Christopher Pittenger, M.D., Ph.D.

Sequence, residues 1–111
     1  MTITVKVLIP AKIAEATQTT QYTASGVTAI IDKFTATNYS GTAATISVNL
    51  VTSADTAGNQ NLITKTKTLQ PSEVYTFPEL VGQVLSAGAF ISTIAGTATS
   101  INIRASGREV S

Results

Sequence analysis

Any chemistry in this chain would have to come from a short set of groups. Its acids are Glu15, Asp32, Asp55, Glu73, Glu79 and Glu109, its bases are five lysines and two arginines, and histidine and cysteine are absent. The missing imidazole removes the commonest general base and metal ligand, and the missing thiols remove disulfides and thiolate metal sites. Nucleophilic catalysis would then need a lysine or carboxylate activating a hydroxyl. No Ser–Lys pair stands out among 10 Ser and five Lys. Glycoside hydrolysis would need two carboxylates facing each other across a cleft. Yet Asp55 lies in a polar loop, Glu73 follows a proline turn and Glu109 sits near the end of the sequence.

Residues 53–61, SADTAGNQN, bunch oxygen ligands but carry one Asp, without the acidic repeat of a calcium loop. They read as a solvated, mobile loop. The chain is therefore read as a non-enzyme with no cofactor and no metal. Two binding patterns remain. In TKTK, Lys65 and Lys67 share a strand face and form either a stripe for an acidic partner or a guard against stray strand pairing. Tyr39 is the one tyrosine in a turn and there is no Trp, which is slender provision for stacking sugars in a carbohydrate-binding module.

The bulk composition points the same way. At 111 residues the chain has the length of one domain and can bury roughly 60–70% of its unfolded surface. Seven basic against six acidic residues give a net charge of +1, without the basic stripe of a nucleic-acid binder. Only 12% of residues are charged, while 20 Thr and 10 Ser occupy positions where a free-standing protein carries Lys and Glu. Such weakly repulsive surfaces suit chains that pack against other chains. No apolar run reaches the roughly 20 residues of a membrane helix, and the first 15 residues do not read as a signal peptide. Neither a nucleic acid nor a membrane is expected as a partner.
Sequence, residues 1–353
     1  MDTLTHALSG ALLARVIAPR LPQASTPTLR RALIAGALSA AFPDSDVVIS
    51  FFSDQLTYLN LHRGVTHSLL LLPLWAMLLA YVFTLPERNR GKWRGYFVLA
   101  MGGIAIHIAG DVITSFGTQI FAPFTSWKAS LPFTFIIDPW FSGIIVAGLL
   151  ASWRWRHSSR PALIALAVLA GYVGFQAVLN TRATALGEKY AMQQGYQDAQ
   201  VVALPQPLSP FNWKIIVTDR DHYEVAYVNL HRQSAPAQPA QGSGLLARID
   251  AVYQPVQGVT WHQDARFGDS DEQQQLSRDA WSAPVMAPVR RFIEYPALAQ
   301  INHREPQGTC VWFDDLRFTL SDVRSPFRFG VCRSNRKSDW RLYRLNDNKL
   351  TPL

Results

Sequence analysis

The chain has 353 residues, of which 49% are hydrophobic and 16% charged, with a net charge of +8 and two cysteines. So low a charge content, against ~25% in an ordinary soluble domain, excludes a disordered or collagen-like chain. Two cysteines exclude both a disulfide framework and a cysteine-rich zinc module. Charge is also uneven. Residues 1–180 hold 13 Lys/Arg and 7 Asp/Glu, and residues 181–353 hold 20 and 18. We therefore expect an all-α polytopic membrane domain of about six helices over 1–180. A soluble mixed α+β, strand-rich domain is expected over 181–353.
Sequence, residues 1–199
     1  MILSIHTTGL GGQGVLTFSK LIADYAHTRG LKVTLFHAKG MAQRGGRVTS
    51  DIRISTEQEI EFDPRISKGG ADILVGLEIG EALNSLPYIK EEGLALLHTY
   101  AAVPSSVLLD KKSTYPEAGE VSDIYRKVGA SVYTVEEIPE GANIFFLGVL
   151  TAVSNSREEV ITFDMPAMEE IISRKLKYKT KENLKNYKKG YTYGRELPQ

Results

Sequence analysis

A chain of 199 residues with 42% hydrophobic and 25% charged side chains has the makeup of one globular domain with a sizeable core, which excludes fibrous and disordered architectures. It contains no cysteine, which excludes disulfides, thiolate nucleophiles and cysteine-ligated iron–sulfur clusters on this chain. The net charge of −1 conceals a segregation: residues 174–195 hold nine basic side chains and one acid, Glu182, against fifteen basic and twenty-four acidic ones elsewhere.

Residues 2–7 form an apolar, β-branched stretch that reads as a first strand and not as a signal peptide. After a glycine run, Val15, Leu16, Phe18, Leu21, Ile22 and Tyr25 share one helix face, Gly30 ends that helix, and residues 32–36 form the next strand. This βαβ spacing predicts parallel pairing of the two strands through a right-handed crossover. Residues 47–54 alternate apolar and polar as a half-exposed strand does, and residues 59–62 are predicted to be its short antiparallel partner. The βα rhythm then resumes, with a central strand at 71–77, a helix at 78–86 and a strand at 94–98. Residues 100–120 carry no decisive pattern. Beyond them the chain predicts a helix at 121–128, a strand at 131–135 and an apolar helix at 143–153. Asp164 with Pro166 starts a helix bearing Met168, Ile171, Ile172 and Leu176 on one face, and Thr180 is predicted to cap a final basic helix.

My research is aimed towards a better understanding of a particular network of brain structures, called the basal ganglia, and the consequences of dysfunction of this network in various neuropsychiatric diseases. The basal ganglia are involved both in motor control and in the formation of habits. Abnormalities in this circuit are implicated in a variety of conditions characterized by maladaptive, inflexible behaviors - habits gone bad. These include obsessive-compulsive disorder, Tourette syndrome, and drug addiction. Our research in the laboratory has two strands. First, we seek to better understand the mechanisms of normal basal ganglia-dependent habit-like learning, by manipulating this circuit in mice and then testing their ability to learn a variety of tasks. Second, we seek to better understand how perturbation of the basal ganglia system can lead to symptoms of psychiatric disease. We do this by recapitulating some of the biology of diseases such as Tourette syndrome, again in mice, and observing the behavioral and neurophysiological consequences. I also direct the Yale OCD Research Clinic, where our research aims towards the better understanding of the biology of obsessive compulsive disorder and the development of new treatments. We have observed that the neurotransmitter glutamate is out of balance in the basal ganglia in patients with obsessive-compulsive disorder, and that medications that target glutamate appear to help patients whose disease has not responded to more standard therapies. Ongoing research seeks to better document and understand this perturbation of this neurotransmitter and to explore new glutamate-modulating drugs as potential treatments.